ECHIDNE OF THE SNAKES: a melodramatic and manipulative woman.
Women who try to get society’s authorities to help them oppose the patriarchy are usually considered melodramatic and manipulative — more so if they are actually in real danger, and are expressing real responses to that threat. Such was the case with a 20 year old Brit, of Kurdish ancestry who was slain by her father recently.
Unfortunately (and I speak from personal experience), if one is a migrant and doesn’t know the ins and outs of the new patriarchal culture yet, it is even harder than for one who does, to know how to speak to the authorities in a way that will get around their normal, inbuilt patriarchal prejudices.
It is to be expected that most migrants (especially in the naïvety and splendour of their youth) will attempt to speak to their new authorities in a simple and direct way. Regrettably, it would seem that approach is also rarely efficacious. Indeed, if one really wanted the authorities to take seriously the idea that one’s father wanted to kill one, the victim would have to start her speech in a more indirect and elaborate way.
She would have to begin by navigating the violent and hair-raising cultural rocks of women’s presumed hysteria. So, her first strenuous task would be to convince the police officer that she was very, very rational, very in touch with the unavoidable need to be a non-hysterical citizen in her new environment.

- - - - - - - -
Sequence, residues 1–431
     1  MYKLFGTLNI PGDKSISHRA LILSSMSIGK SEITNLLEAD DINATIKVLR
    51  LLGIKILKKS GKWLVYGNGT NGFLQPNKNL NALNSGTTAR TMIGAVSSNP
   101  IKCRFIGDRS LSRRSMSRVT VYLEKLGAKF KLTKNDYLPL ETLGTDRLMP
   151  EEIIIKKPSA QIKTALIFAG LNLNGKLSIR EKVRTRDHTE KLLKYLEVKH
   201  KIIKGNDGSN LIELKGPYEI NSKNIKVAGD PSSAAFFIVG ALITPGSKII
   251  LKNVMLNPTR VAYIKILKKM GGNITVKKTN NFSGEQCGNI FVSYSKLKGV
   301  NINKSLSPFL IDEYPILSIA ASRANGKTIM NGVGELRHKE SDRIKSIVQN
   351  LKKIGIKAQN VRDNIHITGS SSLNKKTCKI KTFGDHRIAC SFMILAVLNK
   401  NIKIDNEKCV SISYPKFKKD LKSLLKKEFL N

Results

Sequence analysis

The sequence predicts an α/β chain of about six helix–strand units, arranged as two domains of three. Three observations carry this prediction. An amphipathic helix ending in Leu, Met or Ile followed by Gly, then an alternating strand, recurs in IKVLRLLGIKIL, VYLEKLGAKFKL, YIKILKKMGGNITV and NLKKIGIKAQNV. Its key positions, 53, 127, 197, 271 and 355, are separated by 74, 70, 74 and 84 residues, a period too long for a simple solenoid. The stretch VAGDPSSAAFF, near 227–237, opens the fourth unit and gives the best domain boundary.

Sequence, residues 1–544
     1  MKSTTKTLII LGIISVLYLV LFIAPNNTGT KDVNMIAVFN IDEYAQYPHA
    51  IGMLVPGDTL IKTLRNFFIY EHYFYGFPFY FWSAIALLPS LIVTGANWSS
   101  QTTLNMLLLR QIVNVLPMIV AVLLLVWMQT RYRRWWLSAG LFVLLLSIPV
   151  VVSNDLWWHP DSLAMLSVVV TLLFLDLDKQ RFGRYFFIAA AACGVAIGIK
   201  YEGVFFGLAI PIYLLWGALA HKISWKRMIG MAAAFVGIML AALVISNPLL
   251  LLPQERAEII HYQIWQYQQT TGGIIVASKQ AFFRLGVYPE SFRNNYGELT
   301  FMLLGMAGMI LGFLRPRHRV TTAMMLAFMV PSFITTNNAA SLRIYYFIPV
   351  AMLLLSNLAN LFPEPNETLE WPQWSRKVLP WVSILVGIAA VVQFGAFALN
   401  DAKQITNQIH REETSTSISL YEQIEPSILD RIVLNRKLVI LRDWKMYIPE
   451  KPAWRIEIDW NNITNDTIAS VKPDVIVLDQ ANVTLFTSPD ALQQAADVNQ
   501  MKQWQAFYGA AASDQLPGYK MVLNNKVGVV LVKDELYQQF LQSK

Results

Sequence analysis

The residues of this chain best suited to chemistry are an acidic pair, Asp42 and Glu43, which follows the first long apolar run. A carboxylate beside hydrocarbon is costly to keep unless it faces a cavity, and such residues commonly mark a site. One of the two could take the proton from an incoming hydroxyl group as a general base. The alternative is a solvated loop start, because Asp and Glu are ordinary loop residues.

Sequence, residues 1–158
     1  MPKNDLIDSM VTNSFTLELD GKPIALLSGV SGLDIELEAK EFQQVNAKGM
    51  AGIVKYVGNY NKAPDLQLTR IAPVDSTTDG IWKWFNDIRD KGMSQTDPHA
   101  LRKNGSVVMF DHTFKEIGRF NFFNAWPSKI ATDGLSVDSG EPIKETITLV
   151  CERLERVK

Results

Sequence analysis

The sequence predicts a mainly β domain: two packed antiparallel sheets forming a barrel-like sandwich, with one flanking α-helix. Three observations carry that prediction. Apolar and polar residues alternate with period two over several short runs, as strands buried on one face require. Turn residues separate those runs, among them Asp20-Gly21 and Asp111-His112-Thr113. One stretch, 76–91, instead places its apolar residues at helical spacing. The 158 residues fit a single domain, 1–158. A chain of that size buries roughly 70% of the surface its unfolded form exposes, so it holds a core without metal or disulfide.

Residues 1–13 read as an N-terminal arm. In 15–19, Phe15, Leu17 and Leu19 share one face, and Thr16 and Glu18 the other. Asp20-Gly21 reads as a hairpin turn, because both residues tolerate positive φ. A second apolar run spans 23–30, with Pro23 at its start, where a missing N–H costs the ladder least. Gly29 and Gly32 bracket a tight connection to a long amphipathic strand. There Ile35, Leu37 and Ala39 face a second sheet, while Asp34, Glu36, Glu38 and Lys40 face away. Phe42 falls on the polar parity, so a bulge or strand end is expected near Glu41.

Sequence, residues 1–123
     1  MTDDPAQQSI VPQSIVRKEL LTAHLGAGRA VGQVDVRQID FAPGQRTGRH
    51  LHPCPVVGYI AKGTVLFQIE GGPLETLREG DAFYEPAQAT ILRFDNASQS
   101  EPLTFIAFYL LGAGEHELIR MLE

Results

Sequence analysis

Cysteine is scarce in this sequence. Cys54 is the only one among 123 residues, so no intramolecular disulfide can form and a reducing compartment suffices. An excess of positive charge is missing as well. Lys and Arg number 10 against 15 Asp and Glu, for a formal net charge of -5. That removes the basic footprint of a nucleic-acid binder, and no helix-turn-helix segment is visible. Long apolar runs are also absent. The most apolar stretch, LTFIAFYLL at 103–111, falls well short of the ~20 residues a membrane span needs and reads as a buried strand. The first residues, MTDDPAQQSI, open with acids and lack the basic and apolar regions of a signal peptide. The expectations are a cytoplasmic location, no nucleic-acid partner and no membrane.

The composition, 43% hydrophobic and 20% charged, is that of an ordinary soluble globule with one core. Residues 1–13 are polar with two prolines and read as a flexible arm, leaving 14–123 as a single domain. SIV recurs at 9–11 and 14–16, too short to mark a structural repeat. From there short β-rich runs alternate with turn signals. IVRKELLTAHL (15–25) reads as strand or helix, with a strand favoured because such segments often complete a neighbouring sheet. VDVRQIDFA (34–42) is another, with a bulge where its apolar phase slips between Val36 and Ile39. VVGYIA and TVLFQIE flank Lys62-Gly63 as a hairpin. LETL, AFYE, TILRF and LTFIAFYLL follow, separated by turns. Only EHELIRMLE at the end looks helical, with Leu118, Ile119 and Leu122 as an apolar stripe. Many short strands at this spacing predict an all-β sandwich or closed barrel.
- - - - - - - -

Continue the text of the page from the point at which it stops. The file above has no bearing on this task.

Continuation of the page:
She would then have to move on to educating the officer about some of the differences between her own culture (which, despite her new location, still held sway) as compared to the culture that she had now entered. She would have to explain in detail that honour killings were still a real threat to her in the new world — as well as why this was so. She would then have to move on to supply a concrete evidence to prove her fears that she could soon be strangled by her father and put into a suitcase (which actually happened).
It would be best to have something he’d said on tape, or at very least a written copy of his threats, recorded accurately and transposed on a certain date. After this, she would still have to convince the police officer that she was a well-adjusted citizen — happy to be in the new culture and ready to do her bit to serve it. (It wouldn’t serve to her advantage if she showed the slightest trace of maladjustment as this would only serve to boost the basis for a “hysteria” deflection of her plea.)
In other words, if the 20-year-old Kurdish Brit was an emotional superwoman (unmoved by anything that had happened to her), and if she had at least a masters in social science (or a similar field), she would have had a fighting chance at preventing this honour killing, which took her life in Britain recently.
As it stood, (and lacking these credentials),the stark facts of the situation show that survival of the fittest is survival of the fittest —– and this Kurd certainly deserved to die, for that’s what happened.
Is my cynicism about patriarchal society in the slightest bit misplaced?